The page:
# The Andromeda Paradox

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Rietdijk, Putnam, and Penrose independently proposed a thought-experiment to explore the concept of simultaneity in special relativity. The Andromeda galaxy is approximately 2.5 million light years from Earth (≈2.5×m) . Assume, for simplicity, that the galaxy and the Earth remain momentarily at this fixed distance, with no relative motion. Suppose an Earthling is slowly strolling in the direction of Andromeda. Then events on Andromeda that occur, in concept, simultaneously in the Earthling's frame of reference, depend rather sensitively on his or her walking speed. Roughly, an increase in walking speed of one foot per second corresponds to a simultaneous event occurring on Andromeda about an Earth day later! This can be deduced from the Lorentz-transformation equation , where is the time advance on Andromeda, which can be considered simultaneous with an event on Earth occurring at , most conveniently set equal to 0. Note that the observer on Earth can only "infer" what is happening simultaneously on Andromeda. He would not actually "see" what is occurring until 2.5 million years later.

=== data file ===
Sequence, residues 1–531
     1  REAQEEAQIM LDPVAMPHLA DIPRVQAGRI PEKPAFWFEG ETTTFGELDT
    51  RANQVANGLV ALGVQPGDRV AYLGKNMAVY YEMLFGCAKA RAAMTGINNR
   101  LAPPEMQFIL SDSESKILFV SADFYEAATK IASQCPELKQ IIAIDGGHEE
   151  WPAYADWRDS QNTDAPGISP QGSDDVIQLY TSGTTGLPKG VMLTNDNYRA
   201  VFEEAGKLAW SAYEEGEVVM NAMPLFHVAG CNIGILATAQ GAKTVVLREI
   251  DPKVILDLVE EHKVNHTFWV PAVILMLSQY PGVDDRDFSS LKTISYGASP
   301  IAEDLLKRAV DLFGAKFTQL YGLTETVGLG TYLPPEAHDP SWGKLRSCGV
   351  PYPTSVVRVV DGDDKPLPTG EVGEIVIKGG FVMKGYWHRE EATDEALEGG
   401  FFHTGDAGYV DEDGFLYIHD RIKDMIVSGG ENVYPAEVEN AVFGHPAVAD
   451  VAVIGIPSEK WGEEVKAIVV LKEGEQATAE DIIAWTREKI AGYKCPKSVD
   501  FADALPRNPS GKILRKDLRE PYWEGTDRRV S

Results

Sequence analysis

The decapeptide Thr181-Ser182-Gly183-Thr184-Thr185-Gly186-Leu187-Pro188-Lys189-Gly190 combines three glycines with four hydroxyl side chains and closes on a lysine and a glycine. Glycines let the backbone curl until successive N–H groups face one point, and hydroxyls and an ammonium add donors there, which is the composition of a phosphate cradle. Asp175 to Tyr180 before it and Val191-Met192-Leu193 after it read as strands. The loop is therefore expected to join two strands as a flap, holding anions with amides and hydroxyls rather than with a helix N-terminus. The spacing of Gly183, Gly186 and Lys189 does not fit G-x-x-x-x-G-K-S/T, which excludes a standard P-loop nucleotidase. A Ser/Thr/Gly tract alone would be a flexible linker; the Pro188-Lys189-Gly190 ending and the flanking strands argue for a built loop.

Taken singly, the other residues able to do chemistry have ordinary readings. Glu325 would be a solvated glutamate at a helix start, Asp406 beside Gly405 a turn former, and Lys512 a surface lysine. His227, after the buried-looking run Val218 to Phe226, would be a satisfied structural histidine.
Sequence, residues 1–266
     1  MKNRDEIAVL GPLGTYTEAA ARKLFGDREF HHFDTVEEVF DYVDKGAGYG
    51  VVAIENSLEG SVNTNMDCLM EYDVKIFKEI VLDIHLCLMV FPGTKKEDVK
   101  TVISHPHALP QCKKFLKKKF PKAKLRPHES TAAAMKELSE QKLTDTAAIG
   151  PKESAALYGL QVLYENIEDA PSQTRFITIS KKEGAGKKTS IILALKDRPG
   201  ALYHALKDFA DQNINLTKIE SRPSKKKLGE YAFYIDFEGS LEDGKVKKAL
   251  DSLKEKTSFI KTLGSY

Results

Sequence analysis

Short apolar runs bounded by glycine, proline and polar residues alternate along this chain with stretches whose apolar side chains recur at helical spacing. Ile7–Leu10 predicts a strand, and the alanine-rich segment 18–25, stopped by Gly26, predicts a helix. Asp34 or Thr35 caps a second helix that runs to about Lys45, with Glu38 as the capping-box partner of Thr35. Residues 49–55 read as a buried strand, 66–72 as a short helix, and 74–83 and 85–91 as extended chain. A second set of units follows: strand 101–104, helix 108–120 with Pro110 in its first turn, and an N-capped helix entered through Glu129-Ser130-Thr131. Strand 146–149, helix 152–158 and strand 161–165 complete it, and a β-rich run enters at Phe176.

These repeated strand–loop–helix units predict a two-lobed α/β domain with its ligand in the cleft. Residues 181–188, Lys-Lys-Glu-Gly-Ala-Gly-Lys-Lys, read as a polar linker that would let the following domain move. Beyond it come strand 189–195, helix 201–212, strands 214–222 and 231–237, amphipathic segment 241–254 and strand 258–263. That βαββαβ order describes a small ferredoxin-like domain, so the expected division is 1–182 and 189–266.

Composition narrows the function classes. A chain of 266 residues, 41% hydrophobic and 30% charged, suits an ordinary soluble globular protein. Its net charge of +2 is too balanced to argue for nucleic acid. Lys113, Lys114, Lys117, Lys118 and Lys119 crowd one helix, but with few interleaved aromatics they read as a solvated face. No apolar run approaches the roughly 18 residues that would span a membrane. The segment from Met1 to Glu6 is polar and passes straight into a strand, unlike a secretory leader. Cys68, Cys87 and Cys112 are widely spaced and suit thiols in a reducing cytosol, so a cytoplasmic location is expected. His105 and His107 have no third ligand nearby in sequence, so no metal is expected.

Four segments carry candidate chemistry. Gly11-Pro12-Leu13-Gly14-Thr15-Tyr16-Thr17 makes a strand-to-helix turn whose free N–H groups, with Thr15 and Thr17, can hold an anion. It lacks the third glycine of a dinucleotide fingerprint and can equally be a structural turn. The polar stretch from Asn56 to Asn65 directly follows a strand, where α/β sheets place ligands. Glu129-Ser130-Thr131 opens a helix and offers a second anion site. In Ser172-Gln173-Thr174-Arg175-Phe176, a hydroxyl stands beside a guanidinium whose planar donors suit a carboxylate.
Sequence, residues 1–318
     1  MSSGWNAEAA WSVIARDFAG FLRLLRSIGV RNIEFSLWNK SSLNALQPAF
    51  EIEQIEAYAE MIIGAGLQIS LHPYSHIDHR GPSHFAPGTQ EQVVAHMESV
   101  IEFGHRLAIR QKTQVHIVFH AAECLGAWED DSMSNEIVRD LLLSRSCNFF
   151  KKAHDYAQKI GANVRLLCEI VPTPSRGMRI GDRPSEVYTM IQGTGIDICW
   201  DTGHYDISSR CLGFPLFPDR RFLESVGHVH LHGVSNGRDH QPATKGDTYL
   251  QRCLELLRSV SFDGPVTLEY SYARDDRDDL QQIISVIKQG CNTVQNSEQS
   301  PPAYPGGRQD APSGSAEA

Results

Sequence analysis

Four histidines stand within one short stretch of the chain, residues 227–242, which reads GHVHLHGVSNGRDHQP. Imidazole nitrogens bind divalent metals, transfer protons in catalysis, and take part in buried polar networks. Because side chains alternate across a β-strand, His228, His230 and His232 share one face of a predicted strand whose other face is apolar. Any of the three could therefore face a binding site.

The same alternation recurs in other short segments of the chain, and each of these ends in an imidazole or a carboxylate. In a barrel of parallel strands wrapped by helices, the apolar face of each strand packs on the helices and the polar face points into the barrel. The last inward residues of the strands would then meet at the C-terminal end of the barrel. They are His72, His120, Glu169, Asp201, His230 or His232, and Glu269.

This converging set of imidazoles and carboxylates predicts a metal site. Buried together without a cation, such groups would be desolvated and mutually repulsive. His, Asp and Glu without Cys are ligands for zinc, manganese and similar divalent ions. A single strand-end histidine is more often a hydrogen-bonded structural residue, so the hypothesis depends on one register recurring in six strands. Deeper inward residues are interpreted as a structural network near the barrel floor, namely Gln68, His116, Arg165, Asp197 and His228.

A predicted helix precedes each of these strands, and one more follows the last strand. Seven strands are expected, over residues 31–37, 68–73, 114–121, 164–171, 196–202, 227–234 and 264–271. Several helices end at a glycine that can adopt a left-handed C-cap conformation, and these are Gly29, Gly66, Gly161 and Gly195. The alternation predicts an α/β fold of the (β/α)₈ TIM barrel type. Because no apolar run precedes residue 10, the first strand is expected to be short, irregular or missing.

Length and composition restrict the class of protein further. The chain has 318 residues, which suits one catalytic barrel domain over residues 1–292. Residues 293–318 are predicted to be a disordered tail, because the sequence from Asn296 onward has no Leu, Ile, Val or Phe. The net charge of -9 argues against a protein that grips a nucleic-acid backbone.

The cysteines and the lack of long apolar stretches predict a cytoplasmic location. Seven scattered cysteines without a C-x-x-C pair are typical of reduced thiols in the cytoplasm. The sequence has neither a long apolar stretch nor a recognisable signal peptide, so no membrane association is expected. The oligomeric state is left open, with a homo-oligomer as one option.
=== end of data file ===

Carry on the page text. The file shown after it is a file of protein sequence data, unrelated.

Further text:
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Contributed by: S. M. Blinder (March 2011)

Open content licensed under CC BY-NC-SA

## Snapshots

## Details

For more information, see the Wikipedia entry for Rietdijk-Putnam argument.

## Permanent Citation

"The Andromeda Paradox"

http://demonstrations.wolfram.com/TheAndromedaParadox/

Wolfram Demonstrations Project

Published: March 7 2011